We made three rappels to Black Tooth notch, getting the rope stuck on the second one. Not wanting to climb back up, we built a 3-1 pulley with two microtraxions and pulled it free. We downclimbed past the first rappel station in the Southwest Couloir then made two rappels straight down. The first rappel we made was a full 30 meters and pulling the rope brought a lot of small rocks down.

Descending into the shadows

Rappelling into the Southwest Couloir
Photo: Nate Redon
We scrambled down the couloir and exited skier's left to avoid a cliff band at its base. It was getting dark, so we slid down some scree and found a nice bivy site next to a small stream at 7,700'.

Booker and Buckner at dusk

The night didn't feel much like summer. When the sun rose our bags were coated in frost and our water bottles frozen. I was glad that Nate had not wanted to sleep on the summit.

The morning after a cold night

We eventually emerged from our sleeping bags and started traversing talus towards Storm King. We emptied most of the gear from our packs and left our sleeping bags out to dry in the sun.

We worked our way up steep scree on Storm King's south face, followed an exposed ledge system around the north side of the mountain, and scrambled to the summit.

Scrambling across an exposed ledge on the NE side of Storm King
Goode from Storm King with the north face on the left
We scrambled back to the south side of the mountain and skied surprisingly enjoyable scree back to our gear.

Taking a break after descending Storm King

Agnes, Gunsight, Sinister, Glacier, and Dome

We picked up a climber's trail and followed it down a ridge southwest of Goode's summit. The trail is easy to follow until it enters the burn zone of the 2015 Goode fire. Here, we traversed skier's left to the edge of a large washout and eventually picked up a trail to the valley floor. A bit of bushwhacking brought us to the Park Creek Trail.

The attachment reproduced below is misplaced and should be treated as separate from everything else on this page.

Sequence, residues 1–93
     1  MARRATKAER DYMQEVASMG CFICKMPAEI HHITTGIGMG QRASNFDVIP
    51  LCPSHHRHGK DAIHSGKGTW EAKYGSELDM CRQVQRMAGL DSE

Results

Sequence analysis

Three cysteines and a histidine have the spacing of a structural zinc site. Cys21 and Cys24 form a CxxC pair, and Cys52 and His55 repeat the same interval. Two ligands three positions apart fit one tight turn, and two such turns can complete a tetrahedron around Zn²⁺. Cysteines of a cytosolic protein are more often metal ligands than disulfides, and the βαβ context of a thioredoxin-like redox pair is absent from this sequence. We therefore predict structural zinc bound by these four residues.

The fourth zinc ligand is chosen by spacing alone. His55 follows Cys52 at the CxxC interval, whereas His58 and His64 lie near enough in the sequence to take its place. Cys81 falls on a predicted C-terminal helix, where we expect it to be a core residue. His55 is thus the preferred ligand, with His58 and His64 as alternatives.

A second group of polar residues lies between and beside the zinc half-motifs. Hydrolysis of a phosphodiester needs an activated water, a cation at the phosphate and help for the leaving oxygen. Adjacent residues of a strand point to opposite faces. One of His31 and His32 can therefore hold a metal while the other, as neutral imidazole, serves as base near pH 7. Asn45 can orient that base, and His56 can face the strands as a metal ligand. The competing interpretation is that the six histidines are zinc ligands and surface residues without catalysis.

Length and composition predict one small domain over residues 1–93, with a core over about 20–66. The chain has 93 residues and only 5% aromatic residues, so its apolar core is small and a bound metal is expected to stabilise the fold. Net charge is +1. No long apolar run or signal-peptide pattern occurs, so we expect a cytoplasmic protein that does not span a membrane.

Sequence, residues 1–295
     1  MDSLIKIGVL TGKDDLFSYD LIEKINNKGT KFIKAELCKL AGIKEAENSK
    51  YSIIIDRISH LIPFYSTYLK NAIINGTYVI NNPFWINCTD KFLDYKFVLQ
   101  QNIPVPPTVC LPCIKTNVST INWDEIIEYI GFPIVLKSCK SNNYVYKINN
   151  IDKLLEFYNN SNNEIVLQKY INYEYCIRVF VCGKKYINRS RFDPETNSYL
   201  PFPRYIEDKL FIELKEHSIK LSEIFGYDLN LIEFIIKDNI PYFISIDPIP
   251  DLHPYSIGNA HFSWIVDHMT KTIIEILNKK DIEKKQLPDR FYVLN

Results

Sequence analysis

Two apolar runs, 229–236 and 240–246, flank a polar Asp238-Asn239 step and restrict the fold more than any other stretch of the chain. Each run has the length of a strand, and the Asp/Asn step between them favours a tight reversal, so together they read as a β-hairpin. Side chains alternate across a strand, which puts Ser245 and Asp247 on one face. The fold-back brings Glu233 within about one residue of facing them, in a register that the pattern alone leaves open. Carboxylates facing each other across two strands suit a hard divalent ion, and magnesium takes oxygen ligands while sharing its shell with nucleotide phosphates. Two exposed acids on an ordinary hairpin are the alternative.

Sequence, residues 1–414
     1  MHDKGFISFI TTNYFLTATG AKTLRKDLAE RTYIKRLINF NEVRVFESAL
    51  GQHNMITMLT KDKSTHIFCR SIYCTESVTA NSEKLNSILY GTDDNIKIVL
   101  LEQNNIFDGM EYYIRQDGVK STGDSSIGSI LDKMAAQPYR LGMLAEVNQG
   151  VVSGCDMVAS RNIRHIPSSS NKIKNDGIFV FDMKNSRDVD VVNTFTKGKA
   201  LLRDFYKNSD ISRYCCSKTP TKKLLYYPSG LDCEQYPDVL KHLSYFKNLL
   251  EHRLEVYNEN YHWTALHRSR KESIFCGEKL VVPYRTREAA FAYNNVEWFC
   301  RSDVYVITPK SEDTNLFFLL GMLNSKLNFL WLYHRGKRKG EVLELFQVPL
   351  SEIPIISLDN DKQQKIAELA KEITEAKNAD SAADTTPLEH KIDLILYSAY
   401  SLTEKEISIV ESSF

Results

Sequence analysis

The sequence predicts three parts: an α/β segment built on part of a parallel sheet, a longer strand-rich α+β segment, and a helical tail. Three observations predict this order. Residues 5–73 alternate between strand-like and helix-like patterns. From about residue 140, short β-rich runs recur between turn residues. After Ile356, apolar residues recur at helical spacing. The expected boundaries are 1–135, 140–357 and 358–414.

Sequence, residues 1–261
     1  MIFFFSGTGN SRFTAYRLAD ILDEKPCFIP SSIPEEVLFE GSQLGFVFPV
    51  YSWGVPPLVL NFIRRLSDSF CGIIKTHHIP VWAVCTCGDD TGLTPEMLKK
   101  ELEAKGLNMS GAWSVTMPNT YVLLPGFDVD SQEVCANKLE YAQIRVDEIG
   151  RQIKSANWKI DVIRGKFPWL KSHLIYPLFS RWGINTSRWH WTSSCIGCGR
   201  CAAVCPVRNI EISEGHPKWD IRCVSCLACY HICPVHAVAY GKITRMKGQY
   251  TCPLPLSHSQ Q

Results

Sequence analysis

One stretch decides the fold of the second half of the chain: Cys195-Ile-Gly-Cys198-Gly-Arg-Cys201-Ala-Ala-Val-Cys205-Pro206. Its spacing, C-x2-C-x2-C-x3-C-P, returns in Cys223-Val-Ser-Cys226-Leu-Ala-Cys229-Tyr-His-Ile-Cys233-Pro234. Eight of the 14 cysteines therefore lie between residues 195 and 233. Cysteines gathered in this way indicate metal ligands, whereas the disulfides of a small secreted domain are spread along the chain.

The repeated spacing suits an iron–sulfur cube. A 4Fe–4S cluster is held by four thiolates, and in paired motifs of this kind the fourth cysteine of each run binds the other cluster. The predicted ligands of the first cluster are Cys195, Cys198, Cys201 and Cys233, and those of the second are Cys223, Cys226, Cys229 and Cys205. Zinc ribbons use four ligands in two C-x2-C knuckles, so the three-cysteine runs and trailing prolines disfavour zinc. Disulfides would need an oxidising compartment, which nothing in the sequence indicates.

Fireweed dominates after the 2015 Goode fire

Ant versus inchworm: who will win?

We started up towards Park Creek Pass enjoying beautiful views and plentiful huckleberries along the way.

Feasting on huckleberries at Park Creek Pass. The resident marmot had obviously had his fill.

There were only a couple hours of light left by the time we made it over the pass. We filled our water and discussed whether or not we should climb Logan. Our original plan was to ascend the Fremont Glacier and descend the Douglas or Banded Glacier then exit via Easy Pass. Steph Abegg reported a massive barely-bridged crevasse on the Banded Glacier on August 2nd (2012), and we were pretty sure that it would have melted out this late in the season. We were able to see a some of the Douglas Glacier from Goode and it looked quite difficult to cross. If neither option worked our shortest way out would be reversing the Fremont Glacier, hiking 18 miles to Diablo Lake, and hitching a ride 30 miles back to the car. We were pretty sure that heading up Logan would end in Nate missing his first shift at work on Monday, so we decided not to do it. Oh well, I'll be back with my skis.

We hiked down Thunder Creek until the sun set and made camp. In the morning, we continued down Thunder Creek and then up Fisher Creek to Easy Pass.

Remnants of an old mine on the Thunder Creek trail

Hiking out Easy Pass with Logan and the Douglas Glacier in the background

We made it back to the car a couple hours before sunset. Biking over Rainy Pass sounded thoroughly unappealing so I tried to hitch a ride. There weren't many people headed east on Sunday evening, but eventually a really nice couple picked me up and fed me homemade cookies. It was the perfect end to an excellent adventure.

Gear notes:
 - Approach shoes, crampons, ice axes
 - 8 small nuts and 5 slings for NEB
 - 60m half rope, doubled for simuling